Masters of the Universe: Revelation Review 2021 Tv Show Series Season Cast Crew
Creator: Kevin Smith
Stars: Adam Gifford, Dennis Haysbert, Jay Tavare
As a sequel to Filmation’s classic cartoon He-Man and the Masters of the Universe, Masters of the Universe: Revelation, from He-Man superfan Kevin Smith, is a bonafide blast.
Developed and designed to be a follow up for like-minded Eternia stans, this new series might not play the same for those with little knowledge of the original, but for those familiar with these characters (and the old action figures and play sets), Masters of the Universe: Revelation superbly spins the story on its head and approaches the lore in a fun and satisfyingly modern way — even expanding parts of it that weren’t previously explained.
Revelation is chock full of twists, turns, and bold new takes on a few of the characters, but it also makes a point to honor the past. Nothing new presented here negates the previous series, which was born of a massively successful Mattel toy line and ran for 130 episodes in the mid-’80s. It only drives the saga forward in a more mature and serialized fashion — in ways more aligned with both modern animation and Golden Era TV.
This is definitely a more adult-oriented spotlight for He-Man and company, but it’s not full-tilt rated-R fare like Amazon’s Invincible. This is still a solid family-friendly adventure, but it shows characters dealing with more serious problems and making harder choices. The first episode, “The Power of Grayskull,” drops fans into the ongoing battle between good and evil — between He-Man and Skeletor — that served as the spine for the entire original series. Then, after making sure the original recipe formula was being honored and acknowledged, it blows everything up quite spectacularly. What then follows is an exciting and giddily rewarding journey that makes new and wonderful use of the ensemble.
The voice cast for Revelation is top-notch, but the real star is the story and what the series does with the characters. Sure, it’s awesome to hear Mark Hamill as Skeletor, Sarah Michelle Gellar as Teela, Game of Thrones’ Lena Headey and Liam Cunningham as Evil-Lyn and Man-At-Arms, respectively, and many more big name talents, but the surprising draw here is the fact that He-Man, more or less, is secondary to this tale, at least for these first five episodes.
Prince Adam and He-Man (voiced by Supergirl’s Chris Wood) are important, but they really serve as backdrop. In a manner similar to how Max acts as a lesser lead to Furiosa in Mad Max: Fury Road, Revelation draws upon the might and majesty of He-Man to facilitate others’ arcs. Basically, this is Teela’s show. In taking this approach, Revelation can act both as a stunning sequel and also a wondrous “What If?”-type spinoff for those viewers unwilling to accept some choices as pure canon.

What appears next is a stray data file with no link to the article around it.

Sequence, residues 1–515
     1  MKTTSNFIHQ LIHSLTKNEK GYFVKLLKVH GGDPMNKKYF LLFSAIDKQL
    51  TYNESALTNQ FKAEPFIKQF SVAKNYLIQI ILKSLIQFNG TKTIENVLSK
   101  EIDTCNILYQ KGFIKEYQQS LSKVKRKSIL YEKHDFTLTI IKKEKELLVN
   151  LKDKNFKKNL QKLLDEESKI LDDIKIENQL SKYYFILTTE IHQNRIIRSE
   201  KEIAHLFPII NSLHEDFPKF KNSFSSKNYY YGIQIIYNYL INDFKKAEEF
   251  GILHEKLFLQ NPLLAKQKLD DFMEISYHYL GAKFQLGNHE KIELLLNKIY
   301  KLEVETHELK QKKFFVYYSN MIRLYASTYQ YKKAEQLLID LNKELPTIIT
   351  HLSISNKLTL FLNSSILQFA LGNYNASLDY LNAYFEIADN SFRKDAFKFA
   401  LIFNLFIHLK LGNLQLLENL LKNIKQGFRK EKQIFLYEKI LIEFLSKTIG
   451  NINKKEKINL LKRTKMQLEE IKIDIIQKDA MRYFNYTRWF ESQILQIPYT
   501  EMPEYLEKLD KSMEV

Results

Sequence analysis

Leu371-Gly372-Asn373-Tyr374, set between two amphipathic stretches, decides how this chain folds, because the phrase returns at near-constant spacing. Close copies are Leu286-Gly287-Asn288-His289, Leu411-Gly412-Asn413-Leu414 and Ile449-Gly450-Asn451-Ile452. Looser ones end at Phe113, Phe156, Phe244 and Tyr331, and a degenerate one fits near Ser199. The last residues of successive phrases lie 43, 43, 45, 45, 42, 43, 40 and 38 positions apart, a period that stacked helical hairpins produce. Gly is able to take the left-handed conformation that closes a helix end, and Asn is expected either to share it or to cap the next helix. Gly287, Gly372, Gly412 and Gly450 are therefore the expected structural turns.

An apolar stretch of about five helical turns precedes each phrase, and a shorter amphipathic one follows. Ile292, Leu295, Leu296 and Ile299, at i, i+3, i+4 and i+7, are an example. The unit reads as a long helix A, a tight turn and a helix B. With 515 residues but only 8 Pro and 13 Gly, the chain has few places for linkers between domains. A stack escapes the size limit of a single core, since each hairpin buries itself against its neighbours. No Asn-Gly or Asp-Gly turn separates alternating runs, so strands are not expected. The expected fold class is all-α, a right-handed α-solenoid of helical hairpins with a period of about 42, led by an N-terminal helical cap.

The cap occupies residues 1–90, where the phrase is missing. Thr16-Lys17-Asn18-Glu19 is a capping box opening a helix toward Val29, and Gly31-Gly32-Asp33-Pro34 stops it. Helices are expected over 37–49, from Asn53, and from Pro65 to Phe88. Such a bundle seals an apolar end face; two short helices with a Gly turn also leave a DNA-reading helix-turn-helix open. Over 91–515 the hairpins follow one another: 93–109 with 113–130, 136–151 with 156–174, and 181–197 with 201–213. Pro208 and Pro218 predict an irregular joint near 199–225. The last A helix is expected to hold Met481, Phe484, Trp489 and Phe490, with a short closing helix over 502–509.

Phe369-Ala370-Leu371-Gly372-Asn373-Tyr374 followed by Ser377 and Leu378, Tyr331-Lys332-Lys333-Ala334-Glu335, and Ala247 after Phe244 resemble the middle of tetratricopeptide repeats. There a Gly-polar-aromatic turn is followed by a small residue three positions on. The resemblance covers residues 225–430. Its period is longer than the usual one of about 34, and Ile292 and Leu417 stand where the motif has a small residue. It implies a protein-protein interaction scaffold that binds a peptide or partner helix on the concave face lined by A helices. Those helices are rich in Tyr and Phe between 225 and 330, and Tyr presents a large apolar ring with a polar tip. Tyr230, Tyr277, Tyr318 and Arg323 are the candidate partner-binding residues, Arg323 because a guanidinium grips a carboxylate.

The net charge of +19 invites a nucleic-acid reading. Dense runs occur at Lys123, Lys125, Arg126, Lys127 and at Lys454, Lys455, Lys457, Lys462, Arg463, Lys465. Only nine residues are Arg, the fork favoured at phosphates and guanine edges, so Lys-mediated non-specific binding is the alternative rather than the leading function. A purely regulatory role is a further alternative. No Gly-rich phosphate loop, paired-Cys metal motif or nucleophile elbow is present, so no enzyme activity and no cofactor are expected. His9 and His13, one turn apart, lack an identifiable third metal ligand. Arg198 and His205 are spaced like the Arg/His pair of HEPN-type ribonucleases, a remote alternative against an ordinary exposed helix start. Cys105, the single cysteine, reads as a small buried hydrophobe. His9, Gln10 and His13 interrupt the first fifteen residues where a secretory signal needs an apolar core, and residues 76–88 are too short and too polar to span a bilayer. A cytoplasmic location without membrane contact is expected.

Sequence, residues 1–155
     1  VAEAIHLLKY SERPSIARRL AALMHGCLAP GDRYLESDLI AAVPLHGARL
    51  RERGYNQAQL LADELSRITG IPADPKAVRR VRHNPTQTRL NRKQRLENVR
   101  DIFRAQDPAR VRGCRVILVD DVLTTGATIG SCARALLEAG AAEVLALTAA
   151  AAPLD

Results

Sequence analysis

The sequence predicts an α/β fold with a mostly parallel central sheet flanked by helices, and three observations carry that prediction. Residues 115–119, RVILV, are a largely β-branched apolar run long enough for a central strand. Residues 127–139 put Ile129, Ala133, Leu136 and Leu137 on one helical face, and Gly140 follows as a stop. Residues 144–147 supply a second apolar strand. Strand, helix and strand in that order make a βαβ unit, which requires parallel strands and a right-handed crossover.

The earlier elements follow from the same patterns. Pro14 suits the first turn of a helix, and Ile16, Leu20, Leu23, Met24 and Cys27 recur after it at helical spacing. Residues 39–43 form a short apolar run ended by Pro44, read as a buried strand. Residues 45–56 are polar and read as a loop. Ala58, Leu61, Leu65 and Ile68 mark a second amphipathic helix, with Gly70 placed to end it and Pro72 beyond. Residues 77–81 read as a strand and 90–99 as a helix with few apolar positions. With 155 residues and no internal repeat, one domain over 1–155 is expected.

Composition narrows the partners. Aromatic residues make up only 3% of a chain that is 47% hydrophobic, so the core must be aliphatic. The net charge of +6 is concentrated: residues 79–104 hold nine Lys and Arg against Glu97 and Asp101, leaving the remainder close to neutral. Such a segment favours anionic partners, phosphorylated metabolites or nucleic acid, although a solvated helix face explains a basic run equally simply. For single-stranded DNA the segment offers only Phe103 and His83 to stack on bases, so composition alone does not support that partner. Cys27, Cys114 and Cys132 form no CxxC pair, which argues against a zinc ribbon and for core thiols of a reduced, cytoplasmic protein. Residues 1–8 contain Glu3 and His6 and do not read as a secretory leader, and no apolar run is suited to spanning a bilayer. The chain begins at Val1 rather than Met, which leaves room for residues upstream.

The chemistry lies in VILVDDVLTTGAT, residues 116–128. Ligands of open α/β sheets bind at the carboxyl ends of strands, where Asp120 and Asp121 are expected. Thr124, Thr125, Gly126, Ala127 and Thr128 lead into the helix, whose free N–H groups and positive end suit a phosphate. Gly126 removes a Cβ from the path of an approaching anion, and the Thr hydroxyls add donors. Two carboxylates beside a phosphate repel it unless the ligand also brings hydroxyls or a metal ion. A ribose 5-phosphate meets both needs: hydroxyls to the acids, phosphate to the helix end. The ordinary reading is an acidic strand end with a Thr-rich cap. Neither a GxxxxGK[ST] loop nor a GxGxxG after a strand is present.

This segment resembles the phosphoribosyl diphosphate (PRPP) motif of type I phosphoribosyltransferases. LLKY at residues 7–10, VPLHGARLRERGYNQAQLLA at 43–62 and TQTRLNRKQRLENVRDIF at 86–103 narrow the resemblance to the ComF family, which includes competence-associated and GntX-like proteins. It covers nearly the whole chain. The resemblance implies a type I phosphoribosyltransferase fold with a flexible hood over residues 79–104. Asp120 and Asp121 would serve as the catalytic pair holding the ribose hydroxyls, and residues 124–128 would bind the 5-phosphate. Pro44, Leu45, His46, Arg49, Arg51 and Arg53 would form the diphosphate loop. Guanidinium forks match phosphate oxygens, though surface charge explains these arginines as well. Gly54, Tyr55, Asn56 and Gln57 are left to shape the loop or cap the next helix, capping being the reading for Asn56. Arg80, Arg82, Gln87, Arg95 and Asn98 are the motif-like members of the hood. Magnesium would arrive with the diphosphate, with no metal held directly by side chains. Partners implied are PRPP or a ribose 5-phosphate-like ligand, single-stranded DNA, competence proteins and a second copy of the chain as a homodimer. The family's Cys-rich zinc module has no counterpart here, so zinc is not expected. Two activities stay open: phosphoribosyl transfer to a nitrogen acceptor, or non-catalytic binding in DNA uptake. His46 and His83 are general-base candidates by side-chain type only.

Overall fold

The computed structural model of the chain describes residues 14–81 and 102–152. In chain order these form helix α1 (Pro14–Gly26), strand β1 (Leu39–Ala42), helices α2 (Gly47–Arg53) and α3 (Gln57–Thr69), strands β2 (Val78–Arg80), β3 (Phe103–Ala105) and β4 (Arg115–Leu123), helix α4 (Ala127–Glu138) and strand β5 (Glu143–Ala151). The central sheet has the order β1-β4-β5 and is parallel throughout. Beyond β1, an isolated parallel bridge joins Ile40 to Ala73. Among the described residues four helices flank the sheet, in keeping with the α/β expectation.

After Revelation opens the show by taking us beyond where we thought the He-Man mythos could go — while also making fun callbacks to both the original series and the 1987 Masters of the Universe movie — it becomes an epic odyssey about loss, redemption, and sacrifice. A new ragtag team of champions, formed of both heroes and villains, is tasked with returning magic to Eternia and saving the entire universe. Lifelong enemies learn to work together, while still operating under different sets of priorities and motivations, and it all culminates in a wicked game-changing cliffhanger that nicely sets up the back half of the season, which will be released at a later date.
Revelation takes some big swings, but still spares time for smaller moments of sentiment. It also makes fun use of He-Man’s insane rogue’s gallery of villains, with some (like Mer-Man, Tri-Klops, Stinkor) appearing prominently and others (like Clawful, Spikor, and — da hell? — Blast-Attak?) making for formidable background fodder. Again, long-time fans will know who these folks are, but for the uninitiated, they might just feel like random craziness.
Executive producer/showrunner Kevin Smith and his writers have very much created a niche product here, but it’s a beautiful and engrossing one that infuses Masters of the Universe nostalgia — which is filled with after-school special morals for a younger set — with heartfelt storytelling that contains actual consequences. It takes all the incongruous elements of the old story, with its wild mix of magic and tech, and silly characters who seemed like they were Mad Libs’d together, and makes it all feel connected and worthy of being part of the same mosaic. In an era of sequels we never thought we’d get, Revelation is a dazzling and exciting continuation that adds maturity and layers to a somewhat silly saga from the past, while never robbing the original of its goofy glory.